Emily Isaacson has utilized free verse in the genre of poetry first and foremost. Her work is very stylized, symbolic and full of metaphors. Her thought process is deep, and yet remains simple enough to be understood by even a child. She enters into the realm of the fantastical, yet with guarded heart, and pitches each poem to the most dedicated reader.
Her work is theatrical, endearing, heart-felt, and at times homespun, yet with the reward of romance, the richness of family, and both the poverty and royalty of her own eclecticism.
Isaacson has strived to make her work understandable, to reach those who do not comprehend nor read poetry, to make her voice lyrical, poignant, and create an atmosphere that teaches to write under arduous circumstances.
Isaacson's text is very typically capitalized only at the beginning of a sentence, and punctuated formally. She has used the editing process to enhance her writing for publication. In her first book, she had four editors, two from UBC.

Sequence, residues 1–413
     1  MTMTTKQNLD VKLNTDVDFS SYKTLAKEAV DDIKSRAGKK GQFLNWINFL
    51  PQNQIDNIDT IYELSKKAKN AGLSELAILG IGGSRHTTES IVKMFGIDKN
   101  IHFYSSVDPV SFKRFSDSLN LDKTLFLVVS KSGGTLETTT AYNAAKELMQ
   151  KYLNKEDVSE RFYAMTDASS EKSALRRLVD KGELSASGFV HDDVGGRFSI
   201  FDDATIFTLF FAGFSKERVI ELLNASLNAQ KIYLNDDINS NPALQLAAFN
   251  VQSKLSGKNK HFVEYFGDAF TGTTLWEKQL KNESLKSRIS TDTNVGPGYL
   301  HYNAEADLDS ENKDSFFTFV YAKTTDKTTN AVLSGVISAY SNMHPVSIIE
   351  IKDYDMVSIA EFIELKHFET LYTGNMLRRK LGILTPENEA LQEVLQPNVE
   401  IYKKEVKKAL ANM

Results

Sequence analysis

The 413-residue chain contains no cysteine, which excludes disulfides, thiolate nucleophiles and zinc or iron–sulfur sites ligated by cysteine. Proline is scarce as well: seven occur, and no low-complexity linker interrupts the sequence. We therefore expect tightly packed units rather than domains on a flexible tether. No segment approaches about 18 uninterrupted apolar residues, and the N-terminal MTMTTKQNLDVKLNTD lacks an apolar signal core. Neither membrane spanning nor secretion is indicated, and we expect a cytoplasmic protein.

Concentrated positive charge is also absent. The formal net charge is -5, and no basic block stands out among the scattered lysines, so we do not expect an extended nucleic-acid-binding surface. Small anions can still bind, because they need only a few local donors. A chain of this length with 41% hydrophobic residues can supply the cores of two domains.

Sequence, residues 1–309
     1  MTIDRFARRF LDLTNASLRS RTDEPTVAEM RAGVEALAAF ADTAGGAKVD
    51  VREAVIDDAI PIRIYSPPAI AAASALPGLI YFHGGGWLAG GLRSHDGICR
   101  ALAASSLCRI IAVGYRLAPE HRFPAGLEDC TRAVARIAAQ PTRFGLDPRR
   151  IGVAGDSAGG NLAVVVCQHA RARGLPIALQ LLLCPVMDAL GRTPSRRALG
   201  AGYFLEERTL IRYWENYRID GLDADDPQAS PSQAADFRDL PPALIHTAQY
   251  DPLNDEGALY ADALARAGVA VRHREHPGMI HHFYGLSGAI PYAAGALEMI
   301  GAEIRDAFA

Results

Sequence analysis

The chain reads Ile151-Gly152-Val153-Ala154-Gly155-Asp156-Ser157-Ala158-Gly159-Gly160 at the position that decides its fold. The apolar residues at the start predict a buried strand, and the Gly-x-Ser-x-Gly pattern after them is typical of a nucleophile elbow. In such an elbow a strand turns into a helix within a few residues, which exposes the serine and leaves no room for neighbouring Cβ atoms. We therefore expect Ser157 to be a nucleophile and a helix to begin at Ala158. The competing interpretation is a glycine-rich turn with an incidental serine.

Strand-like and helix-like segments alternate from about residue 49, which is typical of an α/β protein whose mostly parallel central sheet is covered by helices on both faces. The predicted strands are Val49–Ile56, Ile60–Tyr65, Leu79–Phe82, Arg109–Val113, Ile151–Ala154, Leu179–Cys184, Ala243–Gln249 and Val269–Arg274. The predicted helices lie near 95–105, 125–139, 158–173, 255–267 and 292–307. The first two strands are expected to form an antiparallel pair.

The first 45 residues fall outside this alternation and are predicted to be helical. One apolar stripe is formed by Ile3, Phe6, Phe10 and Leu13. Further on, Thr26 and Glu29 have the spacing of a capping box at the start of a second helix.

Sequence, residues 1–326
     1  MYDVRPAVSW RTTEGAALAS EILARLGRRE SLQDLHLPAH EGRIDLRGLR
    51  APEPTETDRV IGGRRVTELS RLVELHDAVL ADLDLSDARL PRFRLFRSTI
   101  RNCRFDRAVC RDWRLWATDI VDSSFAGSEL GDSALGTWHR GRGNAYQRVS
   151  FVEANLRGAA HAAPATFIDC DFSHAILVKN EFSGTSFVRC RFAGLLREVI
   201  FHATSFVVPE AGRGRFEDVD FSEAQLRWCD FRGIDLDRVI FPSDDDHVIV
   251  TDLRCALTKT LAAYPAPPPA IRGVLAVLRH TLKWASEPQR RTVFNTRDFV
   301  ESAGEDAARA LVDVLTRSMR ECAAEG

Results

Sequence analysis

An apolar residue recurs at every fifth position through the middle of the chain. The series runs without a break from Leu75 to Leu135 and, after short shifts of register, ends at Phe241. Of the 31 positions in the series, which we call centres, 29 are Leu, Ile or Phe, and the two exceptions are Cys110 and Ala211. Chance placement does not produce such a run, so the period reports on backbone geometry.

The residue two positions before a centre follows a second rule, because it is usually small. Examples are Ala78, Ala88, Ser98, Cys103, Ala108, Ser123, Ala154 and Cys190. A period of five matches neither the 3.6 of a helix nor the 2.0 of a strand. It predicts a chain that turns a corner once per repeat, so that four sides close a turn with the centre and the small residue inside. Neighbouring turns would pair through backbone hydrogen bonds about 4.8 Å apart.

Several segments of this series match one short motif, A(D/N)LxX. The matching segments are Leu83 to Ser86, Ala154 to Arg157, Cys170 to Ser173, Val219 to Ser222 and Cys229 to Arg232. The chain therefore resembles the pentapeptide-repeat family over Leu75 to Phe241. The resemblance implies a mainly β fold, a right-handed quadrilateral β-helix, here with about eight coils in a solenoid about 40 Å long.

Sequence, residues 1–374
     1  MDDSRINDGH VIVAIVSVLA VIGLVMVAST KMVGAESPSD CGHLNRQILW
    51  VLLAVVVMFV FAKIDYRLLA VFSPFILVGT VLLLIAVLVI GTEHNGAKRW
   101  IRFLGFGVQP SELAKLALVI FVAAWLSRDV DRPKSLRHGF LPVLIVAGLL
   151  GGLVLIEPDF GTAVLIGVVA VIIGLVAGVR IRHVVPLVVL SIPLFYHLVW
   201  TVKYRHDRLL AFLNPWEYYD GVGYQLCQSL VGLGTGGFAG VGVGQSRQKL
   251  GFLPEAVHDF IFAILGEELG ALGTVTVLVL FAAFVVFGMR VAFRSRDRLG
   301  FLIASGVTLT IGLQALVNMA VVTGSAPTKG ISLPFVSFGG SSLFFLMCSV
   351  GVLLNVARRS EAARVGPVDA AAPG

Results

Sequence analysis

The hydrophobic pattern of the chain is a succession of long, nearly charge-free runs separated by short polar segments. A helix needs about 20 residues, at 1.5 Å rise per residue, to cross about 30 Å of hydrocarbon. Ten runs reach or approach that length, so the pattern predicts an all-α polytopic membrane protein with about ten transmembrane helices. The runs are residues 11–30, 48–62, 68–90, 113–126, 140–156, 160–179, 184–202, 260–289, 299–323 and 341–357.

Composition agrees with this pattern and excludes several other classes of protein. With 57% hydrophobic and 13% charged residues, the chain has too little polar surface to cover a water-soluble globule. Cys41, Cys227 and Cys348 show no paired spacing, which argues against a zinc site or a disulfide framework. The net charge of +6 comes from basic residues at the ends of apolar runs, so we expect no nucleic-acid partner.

Sample of free verse poem:
The balmy season came,
and the rain was fragrant, scented, sweet;
its ambrosial ylang ylang hung over the vestiges
of religion in a tower of time.
Redolent, came the breeze of the new spiritual
awakening—ardent and blazing, fiery glowing.
He woke to be vehement from impassive,
flaming forehead from cool tempered.
I seek to touch both artisan and master,
the Maestro featured his virtuoso
while the orchestra pit was cavalier,
the scholar took from his arsenal Bach.
My imperial art, lofty in the heavens:
the clouds summon their blue against silver;
the cherubs converse with nations
and peremptory, play a dominant Sistine chord.
What are prophets but the trumpets blown by God to stir the heart?
WILLIAM ROSS WALLACE
I took the hand of a child once and guided her through
a galaxy of meteors and unsubjugated fire. The beings of heaven have much more understanding than the scavengers of earth, for they are as old as the universe itself.
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